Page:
At 12, Stevens wanted to “buy nice things” to “fit in” with his peers, and lied about his age to get work at KFC. “I’d go buy my Reebok Classics, then I’m one of the guys.” But Stevens’ life “took a turn” when his mum discovered his work uniform in his school bag, and got him sacked.
He “still wanted nice things” and turned to crime to get them. Stevens claims his mum told the court after he was arrested for robbery that “she didn’t want me at home”, and he was sent to live in a children’s home in Reading.
Life of crime
Rivalry between gangs from Slough and Reading made the move particularly challenging. Stevens was introduced to crack cocaine at 13 in a secure unit.
Social services paid for taxis to his school in Slough, but he kept “disappearing for months on end”. At 14, he was permanently excluded for stealing the deputy headteacher’s car, which he vehemently denies doing. “I spoke to somebody who did take the car, and that was enough in their eyes to kick me out. That was really hard.”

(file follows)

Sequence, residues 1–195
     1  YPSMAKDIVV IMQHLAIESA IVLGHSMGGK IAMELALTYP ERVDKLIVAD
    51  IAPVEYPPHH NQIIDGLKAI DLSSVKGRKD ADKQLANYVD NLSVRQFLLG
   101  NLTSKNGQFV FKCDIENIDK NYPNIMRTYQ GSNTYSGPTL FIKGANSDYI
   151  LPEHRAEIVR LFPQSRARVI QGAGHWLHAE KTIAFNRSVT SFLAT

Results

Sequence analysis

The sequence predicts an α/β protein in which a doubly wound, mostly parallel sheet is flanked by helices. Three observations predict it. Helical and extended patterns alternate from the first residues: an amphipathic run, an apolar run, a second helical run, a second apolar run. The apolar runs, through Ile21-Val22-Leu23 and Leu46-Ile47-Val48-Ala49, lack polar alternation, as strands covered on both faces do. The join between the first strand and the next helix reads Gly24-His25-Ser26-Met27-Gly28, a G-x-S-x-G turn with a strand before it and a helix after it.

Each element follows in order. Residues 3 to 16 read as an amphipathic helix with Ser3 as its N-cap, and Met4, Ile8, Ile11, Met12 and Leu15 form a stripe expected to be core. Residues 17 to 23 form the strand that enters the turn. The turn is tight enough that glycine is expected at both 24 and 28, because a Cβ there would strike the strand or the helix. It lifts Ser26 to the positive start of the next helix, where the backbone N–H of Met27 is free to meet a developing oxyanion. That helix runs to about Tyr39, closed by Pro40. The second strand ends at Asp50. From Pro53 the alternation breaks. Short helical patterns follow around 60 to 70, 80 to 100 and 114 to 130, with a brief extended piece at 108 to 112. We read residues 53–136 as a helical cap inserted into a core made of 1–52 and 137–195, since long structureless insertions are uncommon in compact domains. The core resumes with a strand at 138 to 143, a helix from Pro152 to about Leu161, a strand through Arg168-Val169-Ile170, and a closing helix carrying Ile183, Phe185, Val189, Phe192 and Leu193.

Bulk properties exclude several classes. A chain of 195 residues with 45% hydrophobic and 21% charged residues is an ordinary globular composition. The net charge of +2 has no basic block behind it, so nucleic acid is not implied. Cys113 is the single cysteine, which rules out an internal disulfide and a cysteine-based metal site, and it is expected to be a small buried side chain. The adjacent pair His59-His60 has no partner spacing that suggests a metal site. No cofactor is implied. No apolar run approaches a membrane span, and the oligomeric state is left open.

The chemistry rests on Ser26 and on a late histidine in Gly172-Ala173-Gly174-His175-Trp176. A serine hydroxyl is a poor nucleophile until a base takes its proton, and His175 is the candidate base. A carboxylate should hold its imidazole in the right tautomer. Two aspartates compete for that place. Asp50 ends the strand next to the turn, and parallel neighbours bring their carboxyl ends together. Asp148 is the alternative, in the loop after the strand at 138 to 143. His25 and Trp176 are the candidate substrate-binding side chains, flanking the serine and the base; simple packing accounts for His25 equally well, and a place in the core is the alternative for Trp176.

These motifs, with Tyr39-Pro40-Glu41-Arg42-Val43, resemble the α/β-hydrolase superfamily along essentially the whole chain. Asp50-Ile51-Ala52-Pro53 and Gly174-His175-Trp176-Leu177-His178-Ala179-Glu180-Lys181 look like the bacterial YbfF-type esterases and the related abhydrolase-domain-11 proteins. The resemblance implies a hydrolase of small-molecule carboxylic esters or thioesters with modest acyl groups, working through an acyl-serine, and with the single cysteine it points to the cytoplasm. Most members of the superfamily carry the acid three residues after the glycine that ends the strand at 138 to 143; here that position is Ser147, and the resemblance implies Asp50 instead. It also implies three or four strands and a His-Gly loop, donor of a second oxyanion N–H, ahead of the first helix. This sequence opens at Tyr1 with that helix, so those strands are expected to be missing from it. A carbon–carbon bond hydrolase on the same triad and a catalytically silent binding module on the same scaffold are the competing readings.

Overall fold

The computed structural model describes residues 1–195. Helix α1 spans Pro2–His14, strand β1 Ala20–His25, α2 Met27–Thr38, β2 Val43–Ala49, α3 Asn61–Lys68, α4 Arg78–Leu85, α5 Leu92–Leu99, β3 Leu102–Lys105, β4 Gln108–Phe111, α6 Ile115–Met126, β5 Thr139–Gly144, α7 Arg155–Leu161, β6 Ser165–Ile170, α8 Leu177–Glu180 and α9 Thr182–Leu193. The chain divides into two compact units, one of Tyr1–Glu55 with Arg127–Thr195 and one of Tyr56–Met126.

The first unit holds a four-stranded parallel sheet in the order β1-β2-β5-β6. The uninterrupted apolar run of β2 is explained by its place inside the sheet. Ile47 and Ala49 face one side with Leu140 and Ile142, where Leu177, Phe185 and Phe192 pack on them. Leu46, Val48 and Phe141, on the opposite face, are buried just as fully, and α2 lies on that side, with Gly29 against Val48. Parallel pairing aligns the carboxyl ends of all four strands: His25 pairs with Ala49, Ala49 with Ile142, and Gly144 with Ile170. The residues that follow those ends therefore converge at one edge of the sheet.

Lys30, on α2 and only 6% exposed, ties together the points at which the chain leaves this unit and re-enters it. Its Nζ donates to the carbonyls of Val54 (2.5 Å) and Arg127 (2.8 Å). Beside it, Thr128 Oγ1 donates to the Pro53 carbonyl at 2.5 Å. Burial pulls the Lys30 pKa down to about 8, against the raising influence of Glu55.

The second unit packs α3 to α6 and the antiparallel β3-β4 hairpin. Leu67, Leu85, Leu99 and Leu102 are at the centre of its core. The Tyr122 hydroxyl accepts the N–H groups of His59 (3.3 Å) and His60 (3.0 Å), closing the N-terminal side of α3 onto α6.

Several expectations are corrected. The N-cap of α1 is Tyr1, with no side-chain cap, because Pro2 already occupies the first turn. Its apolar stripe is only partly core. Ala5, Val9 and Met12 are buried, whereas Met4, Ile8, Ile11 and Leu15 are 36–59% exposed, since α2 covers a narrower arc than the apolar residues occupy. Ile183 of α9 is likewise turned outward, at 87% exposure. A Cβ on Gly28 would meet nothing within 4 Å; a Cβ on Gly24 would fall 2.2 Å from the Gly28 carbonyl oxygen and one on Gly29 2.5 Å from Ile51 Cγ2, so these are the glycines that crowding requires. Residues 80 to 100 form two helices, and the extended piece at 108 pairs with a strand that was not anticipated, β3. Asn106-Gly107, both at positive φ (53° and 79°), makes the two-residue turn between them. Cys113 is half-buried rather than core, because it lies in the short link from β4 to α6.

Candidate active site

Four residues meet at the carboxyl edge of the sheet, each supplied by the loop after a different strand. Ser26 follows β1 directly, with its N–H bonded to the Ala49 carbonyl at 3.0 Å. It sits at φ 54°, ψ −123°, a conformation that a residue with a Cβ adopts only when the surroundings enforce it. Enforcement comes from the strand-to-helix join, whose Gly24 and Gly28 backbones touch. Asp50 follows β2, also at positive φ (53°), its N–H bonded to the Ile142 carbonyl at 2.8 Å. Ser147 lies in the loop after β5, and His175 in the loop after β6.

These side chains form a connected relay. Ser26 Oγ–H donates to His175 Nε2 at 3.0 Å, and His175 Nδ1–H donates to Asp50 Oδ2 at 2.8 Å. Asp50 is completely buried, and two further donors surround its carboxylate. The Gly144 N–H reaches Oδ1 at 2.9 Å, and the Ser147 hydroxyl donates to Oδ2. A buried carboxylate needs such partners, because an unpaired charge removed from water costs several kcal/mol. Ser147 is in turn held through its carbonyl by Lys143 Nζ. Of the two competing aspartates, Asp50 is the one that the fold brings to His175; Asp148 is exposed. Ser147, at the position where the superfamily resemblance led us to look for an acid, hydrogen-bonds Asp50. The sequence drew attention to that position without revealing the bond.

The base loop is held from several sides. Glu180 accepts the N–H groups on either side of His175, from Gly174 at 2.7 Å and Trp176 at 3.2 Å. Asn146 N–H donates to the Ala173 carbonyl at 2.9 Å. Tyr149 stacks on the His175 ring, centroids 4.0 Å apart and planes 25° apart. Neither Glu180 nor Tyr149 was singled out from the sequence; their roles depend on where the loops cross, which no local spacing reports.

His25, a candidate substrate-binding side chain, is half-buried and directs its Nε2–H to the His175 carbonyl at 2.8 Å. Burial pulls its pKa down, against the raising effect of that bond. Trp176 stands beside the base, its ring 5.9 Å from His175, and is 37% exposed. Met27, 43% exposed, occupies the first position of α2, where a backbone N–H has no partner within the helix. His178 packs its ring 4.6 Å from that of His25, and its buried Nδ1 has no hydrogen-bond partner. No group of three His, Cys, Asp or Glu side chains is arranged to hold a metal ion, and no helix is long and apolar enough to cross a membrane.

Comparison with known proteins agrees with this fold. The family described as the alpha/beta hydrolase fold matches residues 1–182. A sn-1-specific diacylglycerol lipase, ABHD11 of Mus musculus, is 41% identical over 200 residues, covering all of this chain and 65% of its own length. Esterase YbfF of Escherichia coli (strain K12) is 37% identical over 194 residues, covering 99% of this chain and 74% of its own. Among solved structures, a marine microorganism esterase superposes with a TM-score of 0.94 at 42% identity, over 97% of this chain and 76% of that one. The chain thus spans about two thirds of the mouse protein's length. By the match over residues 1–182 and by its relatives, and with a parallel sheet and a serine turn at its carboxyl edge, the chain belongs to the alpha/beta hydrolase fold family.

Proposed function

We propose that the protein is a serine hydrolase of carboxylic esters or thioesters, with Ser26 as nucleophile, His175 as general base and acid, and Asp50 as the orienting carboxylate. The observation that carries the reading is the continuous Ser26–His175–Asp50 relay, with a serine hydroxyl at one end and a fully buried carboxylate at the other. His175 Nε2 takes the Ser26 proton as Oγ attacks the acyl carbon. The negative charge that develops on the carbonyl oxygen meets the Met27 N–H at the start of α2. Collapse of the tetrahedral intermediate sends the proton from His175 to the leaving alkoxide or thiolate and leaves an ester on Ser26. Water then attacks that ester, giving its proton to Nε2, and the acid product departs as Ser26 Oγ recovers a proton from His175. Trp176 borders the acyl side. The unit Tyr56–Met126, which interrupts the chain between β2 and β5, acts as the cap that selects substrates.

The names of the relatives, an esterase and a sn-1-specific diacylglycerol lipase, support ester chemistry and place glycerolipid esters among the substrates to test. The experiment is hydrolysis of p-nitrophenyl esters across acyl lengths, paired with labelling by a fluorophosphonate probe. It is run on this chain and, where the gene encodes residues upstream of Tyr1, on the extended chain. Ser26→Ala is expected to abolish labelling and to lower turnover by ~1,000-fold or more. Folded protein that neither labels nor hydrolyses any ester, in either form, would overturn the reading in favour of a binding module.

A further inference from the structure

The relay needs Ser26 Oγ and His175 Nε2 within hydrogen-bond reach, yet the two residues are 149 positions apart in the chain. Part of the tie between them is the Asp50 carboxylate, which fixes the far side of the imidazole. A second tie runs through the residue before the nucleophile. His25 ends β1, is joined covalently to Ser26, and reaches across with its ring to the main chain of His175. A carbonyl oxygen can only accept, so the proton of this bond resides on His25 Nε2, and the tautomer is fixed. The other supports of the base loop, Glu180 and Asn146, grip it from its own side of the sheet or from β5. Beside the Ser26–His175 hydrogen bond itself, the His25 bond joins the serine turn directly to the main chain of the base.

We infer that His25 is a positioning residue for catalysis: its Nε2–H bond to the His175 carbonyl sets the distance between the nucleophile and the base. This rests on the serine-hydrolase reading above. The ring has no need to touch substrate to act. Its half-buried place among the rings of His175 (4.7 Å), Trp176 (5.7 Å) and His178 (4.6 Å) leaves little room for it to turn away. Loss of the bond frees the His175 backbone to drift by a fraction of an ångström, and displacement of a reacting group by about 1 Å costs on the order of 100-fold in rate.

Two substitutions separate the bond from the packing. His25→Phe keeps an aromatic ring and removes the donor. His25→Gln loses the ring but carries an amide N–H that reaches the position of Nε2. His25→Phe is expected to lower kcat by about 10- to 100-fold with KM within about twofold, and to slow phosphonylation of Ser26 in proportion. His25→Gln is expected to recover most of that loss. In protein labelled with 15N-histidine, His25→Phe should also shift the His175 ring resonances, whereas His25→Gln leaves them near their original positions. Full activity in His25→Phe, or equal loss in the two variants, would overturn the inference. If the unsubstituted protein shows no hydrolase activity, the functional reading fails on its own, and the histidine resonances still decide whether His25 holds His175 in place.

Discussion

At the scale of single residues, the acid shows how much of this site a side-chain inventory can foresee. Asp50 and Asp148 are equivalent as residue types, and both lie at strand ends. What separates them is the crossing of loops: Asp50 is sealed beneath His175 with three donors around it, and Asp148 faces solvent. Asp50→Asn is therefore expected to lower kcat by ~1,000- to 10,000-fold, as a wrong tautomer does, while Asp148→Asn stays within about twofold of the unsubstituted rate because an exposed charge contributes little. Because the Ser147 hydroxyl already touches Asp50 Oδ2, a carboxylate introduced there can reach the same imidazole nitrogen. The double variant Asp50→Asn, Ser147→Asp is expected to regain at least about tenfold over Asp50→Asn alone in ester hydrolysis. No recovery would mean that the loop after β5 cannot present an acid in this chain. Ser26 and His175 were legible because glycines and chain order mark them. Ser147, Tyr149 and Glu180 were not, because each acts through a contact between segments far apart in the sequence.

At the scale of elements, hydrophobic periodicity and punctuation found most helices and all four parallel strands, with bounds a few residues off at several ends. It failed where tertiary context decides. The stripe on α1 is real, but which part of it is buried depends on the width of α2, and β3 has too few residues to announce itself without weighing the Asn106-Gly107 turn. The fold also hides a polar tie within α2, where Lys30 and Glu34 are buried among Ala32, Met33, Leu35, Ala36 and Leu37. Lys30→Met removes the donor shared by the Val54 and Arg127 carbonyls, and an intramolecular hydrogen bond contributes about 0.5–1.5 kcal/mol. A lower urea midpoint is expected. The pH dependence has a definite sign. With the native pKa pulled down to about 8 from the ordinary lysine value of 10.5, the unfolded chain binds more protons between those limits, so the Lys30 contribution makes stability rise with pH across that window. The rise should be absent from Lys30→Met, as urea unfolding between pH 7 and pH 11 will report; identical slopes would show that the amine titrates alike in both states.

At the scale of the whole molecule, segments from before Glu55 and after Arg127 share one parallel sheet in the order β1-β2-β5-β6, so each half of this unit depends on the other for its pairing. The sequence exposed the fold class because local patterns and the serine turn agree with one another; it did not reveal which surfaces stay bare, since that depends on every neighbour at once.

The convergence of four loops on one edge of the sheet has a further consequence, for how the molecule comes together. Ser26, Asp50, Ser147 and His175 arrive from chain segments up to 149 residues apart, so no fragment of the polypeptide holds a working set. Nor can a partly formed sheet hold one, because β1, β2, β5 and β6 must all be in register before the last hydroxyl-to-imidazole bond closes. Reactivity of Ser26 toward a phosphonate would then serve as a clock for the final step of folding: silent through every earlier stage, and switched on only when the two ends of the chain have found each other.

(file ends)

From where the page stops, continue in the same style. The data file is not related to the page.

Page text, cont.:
After being thrown out of another children’s home at 14 for “behaviour issues”, Stevens was moved onto a bed and breakfast. That was the last he ever heard from social services.
“I was left to my own devices and tried to survive the best I could. The streets took me from there.”
Reflecting on this time, Stevens feels he was “let down” by public services. “There was no duty of care. I had a lot of abandonment issues and unresolved trauma. Life became about just wanting more drugs.”